Honestly, this is the first time I’ve posted anything on your website. If you don’t like something I said, you have the right to remove it; it’s your website. But I find it humorous that a man professing to uphold and advocate “liberal arts” education has in effect threatened to BAN me from an online discussion on a political issue, just because I disagree with his conclusion and felt his article was poorly written.
      By the way, are you going to respond to Eve Hatton? I don’t know who she is, but her last comment was masterful. I’m interested to hear your response. I hope it’s not just a re-hash of what you already said in your article, or an appeal to your own or anyone else’s authority. I’ve yet to hear a new reason to support a convention today, this article is just the same stuff every other supporter of the convention I encounter gives me. Surprise me, if you can, with some other reasons to support a convention than “it’ll be great! and if not then at least we tried, and we won’t be any worse off than we are now.” Because I am absolutely convinced both of those reasons are lies.
      For Liberty,
      Vash the Stampede

      September 5, 2011 at 8:30 pm
  • Shanon Brooks

    Anne, Thanks for voicing your thoughts. I agree. As I said in the article, what we need most is for millions of Americans to speak-up and engage the topic so it becomes personal to them.
    I am less interested in being right and more interested in a popular conversation regarding the merits of a given topic. Even if the people get it wrong sometimes, that is still better that the majority being ruled by a few who have self interest at the forefront.
    I vote for whatever it takes to encourage and promote public awareness. Then it is up to the thought leaders to influence and provide a format for the discussion.
    My part is to build a small liberal arts college and expose students to the liberal arts. Yes I have an agenda, everyone does, mine is to instill in young people a love for freedom, individualism and responsibility.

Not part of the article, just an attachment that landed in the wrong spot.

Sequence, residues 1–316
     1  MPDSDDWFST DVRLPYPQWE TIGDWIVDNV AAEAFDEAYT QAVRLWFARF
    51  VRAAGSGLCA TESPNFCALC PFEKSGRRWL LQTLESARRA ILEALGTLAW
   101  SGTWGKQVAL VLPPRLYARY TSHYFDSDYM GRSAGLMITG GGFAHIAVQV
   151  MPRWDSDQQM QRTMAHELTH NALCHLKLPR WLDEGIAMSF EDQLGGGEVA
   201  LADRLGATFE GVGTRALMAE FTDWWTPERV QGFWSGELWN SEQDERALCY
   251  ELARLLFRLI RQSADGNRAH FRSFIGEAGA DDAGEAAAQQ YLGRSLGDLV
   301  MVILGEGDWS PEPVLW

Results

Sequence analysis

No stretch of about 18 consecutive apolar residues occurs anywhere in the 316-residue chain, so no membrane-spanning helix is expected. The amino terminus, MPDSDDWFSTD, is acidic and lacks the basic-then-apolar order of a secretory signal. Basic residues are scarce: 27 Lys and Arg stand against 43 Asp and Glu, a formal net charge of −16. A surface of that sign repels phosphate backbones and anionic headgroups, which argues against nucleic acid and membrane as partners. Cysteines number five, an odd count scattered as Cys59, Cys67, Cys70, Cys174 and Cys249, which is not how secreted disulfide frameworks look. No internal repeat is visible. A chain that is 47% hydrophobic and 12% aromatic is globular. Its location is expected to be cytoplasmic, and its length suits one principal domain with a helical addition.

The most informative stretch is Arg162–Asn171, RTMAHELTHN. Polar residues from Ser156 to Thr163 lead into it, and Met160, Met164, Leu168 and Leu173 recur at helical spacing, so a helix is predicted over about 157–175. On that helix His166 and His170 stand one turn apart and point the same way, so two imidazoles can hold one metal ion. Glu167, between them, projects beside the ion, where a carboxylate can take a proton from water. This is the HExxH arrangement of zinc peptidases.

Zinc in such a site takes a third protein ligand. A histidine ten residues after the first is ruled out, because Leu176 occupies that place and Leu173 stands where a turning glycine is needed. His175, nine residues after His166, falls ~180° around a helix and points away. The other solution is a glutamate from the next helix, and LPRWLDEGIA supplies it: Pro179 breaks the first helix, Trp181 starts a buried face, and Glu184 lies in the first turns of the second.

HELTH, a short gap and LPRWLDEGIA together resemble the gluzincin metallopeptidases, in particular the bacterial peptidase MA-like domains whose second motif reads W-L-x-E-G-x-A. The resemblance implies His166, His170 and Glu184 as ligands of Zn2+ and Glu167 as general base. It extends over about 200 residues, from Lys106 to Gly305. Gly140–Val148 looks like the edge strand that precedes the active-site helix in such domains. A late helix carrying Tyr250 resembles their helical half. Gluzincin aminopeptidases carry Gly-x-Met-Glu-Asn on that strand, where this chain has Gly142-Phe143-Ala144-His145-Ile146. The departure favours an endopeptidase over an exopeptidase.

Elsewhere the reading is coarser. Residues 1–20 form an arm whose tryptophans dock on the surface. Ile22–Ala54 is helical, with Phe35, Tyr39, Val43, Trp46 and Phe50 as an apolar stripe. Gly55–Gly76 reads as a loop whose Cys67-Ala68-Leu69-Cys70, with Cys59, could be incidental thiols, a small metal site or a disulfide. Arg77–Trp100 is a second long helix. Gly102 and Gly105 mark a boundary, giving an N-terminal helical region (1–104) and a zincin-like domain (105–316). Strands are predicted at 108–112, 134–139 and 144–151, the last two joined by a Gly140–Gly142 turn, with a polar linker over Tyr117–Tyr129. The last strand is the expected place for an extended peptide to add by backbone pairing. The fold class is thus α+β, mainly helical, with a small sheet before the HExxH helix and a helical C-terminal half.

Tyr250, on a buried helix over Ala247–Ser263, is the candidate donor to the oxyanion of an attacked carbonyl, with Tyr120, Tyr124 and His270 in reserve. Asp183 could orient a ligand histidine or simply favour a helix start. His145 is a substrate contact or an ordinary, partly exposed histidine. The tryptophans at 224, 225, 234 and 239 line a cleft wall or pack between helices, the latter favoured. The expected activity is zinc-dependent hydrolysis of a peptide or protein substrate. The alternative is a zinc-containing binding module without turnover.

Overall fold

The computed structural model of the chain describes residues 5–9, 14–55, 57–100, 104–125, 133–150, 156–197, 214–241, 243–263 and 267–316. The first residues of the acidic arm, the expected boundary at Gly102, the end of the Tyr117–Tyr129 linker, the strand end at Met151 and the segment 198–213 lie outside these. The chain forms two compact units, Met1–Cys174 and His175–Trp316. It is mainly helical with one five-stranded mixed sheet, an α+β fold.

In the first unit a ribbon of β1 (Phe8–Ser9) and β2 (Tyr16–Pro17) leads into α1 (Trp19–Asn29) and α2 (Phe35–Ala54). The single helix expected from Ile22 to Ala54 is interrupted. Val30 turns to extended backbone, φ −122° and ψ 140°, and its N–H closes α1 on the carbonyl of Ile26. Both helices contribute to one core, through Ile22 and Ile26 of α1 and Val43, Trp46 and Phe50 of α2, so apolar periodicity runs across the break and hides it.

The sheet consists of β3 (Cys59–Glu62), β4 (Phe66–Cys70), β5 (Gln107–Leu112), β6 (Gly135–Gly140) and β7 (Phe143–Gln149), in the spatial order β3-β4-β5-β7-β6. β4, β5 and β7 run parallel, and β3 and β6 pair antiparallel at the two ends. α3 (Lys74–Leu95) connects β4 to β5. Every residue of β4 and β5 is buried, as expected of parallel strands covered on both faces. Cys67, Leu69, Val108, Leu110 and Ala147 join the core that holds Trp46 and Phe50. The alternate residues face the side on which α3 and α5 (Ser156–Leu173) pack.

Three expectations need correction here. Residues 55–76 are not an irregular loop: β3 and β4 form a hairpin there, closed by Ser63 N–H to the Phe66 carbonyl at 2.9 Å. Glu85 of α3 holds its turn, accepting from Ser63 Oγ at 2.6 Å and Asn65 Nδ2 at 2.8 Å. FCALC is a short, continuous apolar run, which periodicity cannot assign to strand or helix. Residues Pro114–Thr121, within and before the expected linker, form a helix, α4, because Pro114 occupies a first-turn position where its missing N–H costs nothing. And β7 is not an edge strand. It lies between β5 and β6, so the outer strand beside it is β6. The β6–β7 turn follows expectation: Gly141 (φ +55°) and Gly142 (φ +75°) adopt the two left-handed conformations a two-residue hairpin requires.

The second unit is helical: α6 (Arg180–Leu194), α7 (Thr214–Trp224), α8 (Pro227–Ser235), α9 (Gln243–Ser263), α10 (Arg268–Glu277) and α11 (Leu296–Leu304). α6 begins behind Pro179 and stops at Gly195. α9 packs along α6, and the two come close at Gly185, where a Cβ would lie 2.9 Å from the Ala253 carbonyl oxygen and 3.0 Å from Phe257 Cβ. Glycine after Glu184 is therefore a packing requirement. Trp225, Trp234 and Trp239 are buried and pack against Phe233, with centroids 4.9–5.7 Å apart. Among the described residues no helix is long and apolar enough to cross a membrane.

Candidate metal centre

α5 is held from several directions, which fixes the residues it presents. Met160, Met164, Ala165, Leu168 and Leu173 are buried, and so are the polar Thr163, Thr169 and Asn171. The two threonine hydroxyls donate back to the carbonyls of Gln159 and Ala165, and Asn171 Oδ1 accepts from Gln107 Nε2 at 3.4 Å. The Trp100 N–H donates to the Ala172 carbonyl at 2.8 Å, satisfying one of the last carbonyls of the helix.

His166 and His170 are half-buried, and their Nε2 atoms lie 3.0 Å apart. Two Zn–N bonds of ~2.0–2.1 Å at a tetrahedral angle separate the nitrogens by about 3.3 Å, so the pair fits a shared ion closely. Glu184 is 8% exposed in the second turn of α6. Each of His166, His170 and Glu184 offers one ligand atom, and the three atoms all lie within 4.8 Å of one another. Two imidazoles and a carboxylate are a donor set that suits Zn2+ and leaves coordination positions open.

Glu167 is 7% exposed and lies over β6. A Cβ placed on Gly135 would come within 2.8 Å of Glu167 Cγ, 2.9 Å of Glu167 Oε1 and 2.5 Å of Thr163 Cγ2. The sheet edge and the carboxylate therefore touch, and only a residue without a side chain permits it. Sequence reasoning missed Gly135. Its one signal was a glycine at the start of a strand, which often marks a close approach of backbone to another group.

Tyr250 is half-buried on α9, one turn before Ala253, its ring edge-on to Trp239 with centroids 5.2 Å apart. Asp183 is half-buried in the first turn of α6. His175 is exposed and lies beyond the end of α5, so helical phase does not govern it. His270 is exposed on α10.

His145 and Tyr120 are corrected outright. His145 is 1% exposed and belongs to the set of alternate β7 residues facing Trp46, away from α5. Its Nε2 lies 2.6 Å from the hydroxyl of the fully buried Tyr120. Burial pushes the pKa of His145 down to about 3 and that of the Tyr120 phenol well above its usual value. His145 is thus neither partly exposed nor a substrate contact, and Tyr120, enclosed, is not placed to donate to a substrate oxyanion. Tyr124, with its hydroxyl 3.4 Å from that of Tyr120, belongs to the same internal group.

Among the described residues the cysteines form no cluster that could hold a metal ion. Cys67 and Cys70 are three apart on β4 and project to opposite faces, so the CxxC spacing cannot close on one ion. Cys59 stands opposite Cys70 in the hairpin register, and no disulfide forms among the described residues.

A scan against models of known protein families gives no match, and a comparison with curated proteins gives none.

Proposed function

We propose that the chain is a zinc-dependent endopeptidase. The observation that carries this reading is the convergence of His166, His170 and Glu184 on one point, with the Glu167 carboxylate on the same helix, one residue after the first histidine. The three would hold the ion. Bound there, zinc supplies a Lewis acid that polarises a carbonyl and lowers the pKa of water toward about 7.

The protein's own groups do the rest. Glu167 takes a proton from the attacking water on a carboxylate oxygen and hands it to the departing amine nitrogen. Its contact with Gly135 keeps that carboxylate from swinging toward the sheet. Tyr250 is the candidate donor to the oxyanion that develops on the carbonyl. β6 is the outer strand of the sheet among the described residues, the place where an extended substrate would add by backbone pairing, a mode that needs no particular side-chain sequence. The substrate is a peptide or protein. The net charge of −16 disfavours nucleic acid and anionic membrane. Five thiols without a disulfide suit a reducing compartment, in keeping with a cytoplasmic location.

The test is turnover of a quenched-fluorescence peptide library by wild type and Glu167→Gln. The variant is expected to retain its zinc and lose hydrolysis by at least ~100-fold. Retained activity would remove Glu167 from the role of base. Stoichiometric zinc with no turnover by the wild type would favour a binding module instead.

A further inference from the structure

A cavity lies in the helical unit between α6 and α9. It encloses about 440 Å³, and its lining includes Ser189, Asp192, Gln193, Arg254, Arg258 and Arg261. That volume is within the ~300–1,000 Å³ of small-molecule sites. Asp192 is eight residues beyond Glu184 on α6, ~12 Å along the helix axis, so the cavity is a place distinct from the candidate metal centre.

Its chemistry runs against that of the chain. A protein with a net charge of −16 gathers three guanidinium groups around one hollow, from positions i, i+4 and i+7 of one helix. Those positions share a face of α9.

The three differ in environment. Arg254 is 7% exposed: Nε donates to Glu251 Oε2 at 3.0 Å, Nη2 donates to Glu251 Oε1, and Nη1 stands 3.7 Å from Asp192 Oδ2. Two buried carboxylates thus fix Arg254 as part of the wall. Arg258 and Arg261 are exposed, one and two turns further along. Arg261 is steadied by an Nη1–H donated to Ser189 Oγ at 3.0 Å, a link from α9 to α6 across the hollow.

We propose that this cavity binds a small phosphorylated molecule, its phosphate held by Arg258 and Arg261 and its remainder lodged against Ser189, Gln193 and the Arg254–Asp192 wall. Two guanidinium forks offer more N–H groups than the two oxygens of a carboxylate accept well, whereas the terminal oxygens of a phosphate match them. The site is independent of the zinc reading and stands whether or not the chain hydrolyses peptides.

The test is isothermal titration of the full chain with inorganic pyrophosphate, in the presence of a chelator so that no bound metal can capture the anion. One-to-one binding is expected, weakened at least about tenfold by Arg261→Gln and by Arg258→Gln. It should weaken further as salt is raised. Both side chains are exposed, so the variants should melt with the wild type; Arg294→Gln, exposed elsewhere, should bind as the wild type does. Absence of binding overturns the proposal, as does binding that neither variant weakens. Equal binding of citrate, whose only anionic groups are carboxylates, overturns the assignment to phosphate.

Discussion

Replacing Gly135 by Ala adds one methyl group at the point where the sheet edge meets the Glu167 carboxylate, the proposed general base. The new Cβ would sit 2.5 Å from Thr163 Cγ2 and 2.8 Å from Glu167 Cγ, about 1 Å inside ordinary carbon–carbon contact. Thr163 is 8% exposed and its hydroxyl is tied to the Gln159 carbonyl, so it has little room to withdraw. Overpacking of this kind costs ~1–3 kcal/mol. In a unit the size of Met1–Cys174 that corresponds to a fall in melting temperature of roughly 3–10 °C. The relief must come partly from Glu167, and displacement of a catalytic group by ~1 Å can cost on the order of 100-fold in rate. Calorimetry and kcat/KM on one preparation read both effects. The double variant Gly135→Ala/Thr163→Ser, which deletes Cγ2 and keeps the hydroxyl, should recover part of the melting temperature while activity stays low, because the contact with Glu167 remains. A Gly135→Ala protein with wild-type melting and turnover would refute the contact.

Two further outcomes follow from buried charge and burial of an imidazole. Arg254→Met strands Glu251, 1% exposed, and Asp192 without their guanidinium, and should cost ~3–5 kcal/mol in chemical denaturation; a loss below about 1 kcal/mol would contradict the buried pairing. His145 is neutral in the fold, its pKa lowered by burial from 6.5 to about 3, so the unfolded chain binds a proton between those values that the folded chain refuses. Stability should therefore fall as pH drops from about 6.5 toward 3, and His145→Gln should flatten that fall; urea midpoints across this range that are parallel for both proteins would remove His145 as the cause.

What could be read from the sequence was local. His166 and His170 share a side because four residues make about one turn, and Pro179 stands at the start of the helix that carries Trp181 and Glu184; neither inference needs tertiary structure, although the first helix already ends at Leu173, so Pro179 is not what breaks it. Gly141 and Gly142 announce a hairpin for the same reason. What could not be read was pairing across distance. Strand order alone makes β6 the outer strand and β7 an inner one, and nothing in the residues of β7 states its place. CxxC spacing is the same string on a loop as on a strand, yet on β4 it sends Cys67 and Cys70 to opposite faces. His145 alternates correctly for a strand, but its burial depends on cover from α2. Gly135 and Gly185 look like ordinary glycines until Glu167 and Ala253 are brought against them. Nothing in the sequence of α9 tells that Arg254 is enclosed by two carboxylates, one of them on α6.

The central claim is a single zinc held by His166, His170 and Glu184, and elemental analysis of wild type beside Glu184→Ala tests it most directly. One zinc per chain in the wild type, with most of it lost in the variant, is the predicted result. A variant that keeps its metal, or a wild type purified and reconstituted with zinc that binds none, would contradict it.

September 6, 2011 at 8:13 am
  • Jayne

    Wow why would some one who remains nameless, think he is smarter than God, a God who led wise men to write a constitution that included an article V to be used when conspiring men got out of control.
    You see there is no chance as long as you leave article V on paper. God can only inspire wise men to come forward and use what has been given them to use.

    September 6, 2011 at 11:02 am
    • Shanon Brooks

      I feel your intensity, but please let’s not make this about personalities.
      Thanks for speaking up. I don’t have answers but I have a lot of questions and that is one of them. Just what were the Founders thinking with Art. V? What did they see in the future to include this? What was their real intent? What do we need to know to use this tool correctly?
      My suspicion is that I have not yet grasped their level of understanding, I think no one has (well maybe a few of my mentors), but I need to know a lot more about this before I am prepared to disgard a major section the Constitution.
      All legal authorities I have read who are anti Art.V give very nebulous non-concrete answers. I want principles to rest my decisions on, not fear of the unknown.

      September 6, 2011 at 12:40 pm
      • Vash the Stampede